Accounting redirect scams are one of the biggest financial threats to organizations today. This form of cyber-attack occurs when a fraudster poses as a company supplier over email. In their message, they’ll tell you that their payment details have recently been updated and provide you with new billing information to defraud your company.

You might think you’d be able to spot a fake invoice over email – but it’s not so simple. Recent research shows that 30% of businesses will fall for accounting redirect scams. And that number is rising year on year.

To help you protect your organization from this threat, we’ll explore how accounting redirect scams work below, and provide must-know tips on how to spot fraudulent invoice emails.

How Big is the Accounts Payable Fraud Problem?

Accounts payable fraud has become more frequent and costly to the average business.  As scammers have learned the “tricks of the trade” they have been able to increase their success rate and thus the amount lost on average is increasing each year.  Big businesses like Facebook and Google have fallen victim to the tune of over one hundred million dollars, Diesel Jeans cited invoice fraud in their Chapter 11 bankruptcy filing, and the average small business stands to lose a significant amount of money should they fall for the scam.  Some police departments report that they regularly receive reports of losses in the $50,000 to $100,000 range and the scammers know that small businesses are easier targets

How Does Invoice Fraud Happen?

Not all invoice fraud scams are created equal. They vary from simplistic to extremely sophisticated.

The most basic scams involve a cybercriminal sending a look-alike invoice to your company, hoping that you will pay it without a second glance. They won’t even pretend to be a known supplier or personalize the email.  You’d be surprised how many businesses blindly accept and pay invoices for things like directory listings, online renewals, and expired licenses or certifications.

The next level-up is a more targeted scam. The fraudster will first research your company and your suppliers. From there, they’ll write a highly-personalized email, claiming to be a known supplier and demanding payment for their services. They may even use a spoofed email address, so that the email looks like it’s from a legitimate individual within your supplier’s organization.  The email will be strikingly similar to one you might normally receive but with a small change the domain name so that the replies and conversations go to the scammer instead of your legitimate supplier or partner.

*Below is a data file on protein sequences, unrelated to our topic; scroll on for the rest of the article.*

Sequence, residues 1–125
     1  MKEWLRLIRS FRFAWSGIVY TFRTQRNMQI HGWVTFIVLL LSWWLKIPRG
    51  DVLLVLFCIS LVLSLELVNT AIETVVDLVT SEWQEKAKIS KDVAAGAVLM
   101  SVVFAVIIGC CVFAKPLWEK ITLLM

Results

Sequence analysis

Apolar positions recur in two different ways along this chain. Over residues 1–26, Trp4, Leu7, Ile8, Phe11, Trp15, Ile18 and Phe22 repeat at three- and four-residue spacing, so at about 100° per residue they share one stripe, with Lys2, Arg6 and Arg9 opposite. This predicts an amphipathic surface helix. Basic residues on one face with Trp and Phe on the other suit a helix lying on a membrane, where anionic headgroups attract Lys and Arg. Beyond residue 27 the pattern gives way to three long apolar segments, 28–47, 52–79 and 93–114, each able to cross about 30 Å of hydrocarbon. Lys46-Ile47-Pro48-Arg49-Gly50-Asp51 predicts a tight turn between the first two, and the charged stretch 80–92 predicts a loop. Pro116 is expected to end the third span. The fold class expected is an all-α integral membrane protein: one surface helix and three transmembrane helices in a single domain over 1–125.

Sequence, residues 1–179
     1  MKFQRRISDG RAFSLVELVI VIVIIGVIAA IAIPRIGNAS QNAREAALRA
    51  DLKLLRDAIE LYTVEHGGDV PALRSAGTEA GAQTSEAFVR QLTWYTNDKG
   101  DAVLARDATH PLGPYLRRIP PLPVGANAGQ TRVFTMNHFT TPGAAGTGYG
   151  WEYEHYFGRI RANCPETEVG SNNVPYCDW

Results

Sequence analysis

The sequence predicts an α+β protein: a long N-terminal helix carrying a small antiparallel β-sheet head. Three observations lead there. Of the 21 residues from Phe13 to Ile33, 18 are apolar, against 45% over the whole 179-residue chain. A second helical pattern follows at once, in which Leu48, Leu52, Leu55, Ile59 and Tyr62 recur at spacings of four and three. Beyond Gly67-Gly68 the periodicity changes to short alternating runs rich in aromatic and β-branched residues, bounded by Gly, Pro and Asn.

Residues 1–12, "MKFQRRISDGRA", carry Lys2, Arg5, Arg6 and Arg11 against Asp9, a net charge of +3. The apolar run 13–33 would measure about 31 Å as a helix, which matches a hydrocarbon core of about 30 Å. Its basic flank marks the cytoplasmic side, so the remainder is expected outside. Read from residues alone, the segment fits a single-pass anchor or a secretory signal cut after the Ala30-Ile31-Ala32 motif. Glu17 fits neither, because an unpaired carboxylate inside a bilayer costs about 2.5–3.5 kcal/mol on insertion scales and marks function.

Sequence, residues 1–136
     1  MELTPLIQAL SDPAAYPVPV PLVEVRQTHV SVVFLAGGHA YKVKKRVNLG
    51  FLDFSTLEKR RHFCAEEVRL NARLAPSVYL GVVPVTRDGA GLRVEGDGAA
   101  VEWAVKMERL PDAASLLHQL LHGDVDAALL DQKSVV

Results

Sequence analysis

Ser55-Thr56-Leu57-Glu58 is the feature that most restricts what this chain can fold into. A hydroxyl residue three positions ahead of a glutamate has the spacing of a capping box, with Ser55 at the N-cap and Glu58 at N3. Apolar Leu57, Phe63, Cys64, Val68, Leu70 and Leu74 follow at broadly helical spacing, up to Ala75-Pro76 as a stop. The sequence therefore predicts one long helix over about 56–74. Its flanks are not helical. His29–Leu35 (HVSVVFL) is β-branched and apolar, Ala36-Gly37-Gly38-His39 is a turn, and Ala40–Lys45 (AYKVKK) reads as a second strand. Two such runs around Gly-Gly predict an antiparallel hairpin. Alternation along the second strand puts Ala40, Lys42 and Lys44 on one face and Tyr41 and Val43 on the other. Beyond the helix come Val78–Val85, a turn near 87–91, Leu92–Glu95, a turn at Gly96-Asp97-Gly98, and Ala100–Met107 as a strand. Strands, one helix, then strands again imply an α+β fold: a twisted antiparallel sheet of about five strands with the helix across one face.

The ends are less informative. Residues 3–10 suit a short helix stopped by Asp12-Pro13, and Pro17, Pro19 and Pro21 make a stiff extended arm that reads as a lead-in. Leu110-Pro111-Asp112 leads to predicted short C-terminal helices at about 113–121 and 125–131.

Finally, the most sophisticated form of account redirect scam occurs when a hacker manages to break into a supplier or employee email account. With access to a legitimate email address, they can then request a payment, along with other sensitive information, in a highly-realistic way. These attacks are the trickiest to spot because you will be sending and receiving emails with the fraudster, who is in control of that email account.  You will likely receive correspondence about a legitimate invoice, or balance owing, making it very difficult to flag it as malicious.

Other Tactics Used By Invoice Fraudsters

In sophisticated invoice scams, fraudsters often do a lot of groundwork before they send the invoice request. They may use phishing tactics to contact various employees within your company, so that they can gain more information about your suppliers and processes. For example, a fraudster may try and discover who is responsible for making payments, the timelines for invoicing, and the typical cost of a supplier’s services.